Harvie is right. The Union isn't working for a lot of us - and even those who defend it must accept that it is now widely perceived not to be working. The old arguments are no longer going to resonate. We need change. We need to create a better Scotland. 

I'm not going to get carried away by this rather remarkable poll. There is nothing (yet) inevitable about independence, but there has been a significant and undeniable shift in public attitudes. The pro-UK rhetoric that worked reasonably well six years ago now appears to be tired and out of touch against the backdrop of EU withdrawal, a frighteningly inept and inhuman Conservative government in Westminster and the Covid-19 pandemic. The challenge for Liberal Democrats is to find ways to use the situation to do as Patrick Harvie suggests and give the public reason to associate us with realistic proposals for changing Scotland for the better.

That's not an easy task at all given our recent struggles, but it could be made a little easier by accepting, rather than denying, the changing political realities all recent polling has pointed towards - only then can we possibly begin to address it. 


David Evans said…
What you are saying has a lot of sense to it. Of course there is lots of England that would willingly vote for Scottish independence. So long as they could be part of Scotland and so be rid of Bumbling Boris.

At a more serious level, I believe that the down side to independence is worse for Scotland (and for the rest of the UK) than anything other than the very short-term up side. If we could hold together for four years, I believe that the Tories will be more unpopular than they were under Thatcher in 1990 post poll tax, under John Major in 1997 or most of parliament was in 2009 after the expenses scandal.
Andrew said…
And that's perfectly reasonable.

While I believe recent polling points to a shift in public perception and attitude, I wouldn't claim that such a shift is irreversible. I am not arguing that there are no potential down sides to independence either (all potential decisions on Scotland's constitutional future contain varying degrees of risk).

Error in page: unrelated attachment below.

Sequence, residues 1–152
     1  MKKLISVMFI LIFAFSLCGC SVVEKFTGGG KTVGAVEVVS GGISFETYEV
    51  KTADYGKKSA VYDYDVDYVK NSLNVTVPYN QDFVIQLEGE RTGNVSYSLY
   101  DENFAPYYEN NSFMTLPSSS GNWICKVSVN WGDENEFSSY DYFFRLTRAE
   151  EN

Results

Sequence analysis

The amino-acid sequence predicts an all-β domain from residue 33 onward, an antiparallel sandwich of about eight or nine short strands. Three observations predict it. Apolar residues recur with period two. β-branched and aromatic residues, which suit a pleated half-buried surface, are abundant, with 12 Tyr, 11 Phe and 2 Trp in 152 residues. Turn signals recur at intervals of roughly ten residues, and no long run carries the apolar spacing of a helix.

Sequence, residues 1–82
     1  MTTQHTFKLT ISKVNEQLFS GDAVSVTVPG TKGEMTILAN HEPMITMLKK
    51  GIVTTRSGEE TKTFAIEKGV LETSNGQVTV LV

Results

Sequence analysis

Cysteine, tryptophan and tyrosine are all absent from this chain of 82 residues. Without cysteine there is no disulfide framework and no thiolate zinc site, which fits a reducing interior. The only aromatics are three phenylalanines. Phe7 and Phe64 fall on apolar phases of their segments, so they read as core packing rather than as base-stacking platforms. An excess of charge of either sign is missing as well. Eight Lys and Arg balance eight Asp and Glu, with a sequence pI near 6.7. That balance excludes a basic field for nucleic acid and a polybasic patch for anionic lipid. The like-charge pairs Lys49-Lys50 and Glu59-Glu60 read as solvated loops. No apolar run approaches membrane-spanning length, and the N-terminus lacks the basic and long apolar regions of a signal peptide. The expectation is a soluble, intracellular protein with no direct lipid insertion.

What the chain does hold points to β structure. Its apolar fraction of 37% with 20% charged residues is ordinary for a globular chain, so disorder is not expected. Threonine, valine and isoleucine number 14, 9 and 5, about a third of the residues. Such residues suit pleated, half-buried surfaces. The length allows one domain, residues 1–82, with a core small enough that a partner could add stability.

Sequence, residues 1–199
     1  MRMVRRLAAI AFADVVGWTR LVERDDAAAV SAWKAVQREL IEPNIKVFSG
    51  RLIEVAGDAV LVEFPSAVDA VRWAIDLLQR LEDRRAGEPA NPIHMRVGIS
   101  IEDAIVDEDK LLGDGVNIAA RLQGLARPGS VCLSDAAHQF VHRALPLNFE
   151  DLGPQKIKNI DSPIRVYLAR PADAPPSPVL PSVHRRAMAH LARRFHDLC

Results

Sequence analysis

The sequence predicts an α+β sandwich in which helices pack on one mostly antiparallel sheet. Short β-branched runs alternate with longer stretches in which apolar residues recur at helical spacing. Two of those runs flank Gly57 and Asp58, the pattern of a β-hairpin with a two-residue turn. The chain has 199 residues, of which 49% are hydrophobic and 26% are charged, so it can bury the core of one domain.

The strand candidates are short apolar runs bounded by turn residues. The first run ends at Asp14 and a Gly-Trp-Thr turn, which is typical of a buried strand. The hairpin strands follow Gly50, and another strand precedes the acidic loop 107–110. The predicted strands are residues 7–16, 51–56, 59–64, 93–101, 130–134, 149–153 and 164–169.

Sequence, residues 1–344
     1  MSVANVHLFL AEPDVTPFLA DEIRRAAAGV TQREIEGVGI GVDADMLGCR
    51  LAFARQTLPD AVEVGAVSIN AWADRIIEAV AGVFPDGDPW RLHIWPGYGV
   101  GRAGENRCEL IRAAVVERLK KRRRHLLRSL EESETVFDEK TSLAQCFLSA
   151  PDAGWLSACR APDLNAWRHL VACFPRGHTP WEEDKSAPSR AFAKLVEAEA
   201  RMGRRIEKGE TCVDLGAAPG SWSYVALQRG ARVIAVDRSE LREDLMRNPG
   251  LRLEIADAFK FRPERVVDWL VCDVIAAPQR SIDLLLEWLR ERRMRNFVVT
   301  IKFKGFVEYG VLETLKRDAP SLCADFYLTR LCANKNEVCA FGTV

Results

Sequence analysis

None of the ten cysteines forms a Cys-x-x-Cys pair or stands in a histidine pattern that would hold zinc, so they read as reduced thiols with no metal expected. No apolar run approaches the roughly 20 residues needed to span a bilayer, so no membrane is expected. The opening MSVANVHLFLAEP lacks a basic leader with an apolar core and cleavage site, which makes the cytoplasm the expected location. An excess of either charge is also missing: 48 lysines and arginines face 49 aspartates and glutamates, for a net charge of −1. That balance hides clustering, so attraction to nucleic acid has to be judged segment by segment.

What I don't think we can do is simply wait in the hope that the conversation will eventually change. We have to respond to what the polling is showing us now and, if we don't like the idea of Scotland becoming independent, we need to be able to offer something of our own: an authentic alternative that can help create a better, fairer Scotland. More of the same old sub-Unionism isn't going to cut the mustard.

I am absolutely convinced you're right that in four years' time the Tories will be deeply unpopular (especially in Scotland). I don't see how that really helps in relation to the question of Scotland's future... unless you're suggesting all we need to do is wait for a Labour victory and suddenly we'll all be talking about federalism. I find such an outcome unlikely when Labour hasn't even yet whown that it understands federalism yet.

I also suspect that the Tories' deepening unpopularity may only serve to increase the strength of anti-Union sentiment in Scotland. We can't simply wait until the 2014 General Election to have these conversations.

nigel hunter said…
An authentative alternative is indeed needed to combat nationalism.The Scottish Libs should get its head together to device it and sell it for the next election both next year and 2024.Also a defeatist attitude or head in the sand behaviour should be countered by a plea to change the English voting system to make both Scotland and England be shown as ONE country.
Andrew said…
Nigel - I agree that an alternative proposal is needed, but not for the reason of combatting nationalism. If what we propose is seen simply as a belated offering to halt the momentum of the independence cause, then we will be seen - quite rightly - as being obstructive and disingenuous.

However, proposing a detailed plan that builds on decades of work - turning federalism from something more than a vague aspiration abd into something people might actually understand and vote for - is something worth doing for its own sake. Even if not ultimately successful, efforts to formulate an alternative that for many people would be better than either choice on offer could help rebuild the party into a credible force. Like your other suggestion for reform, there is absolutely no guarantee than Lib Dem pleas would be successful, but they would certainly represent a positive and distinctive position from which to fight elections.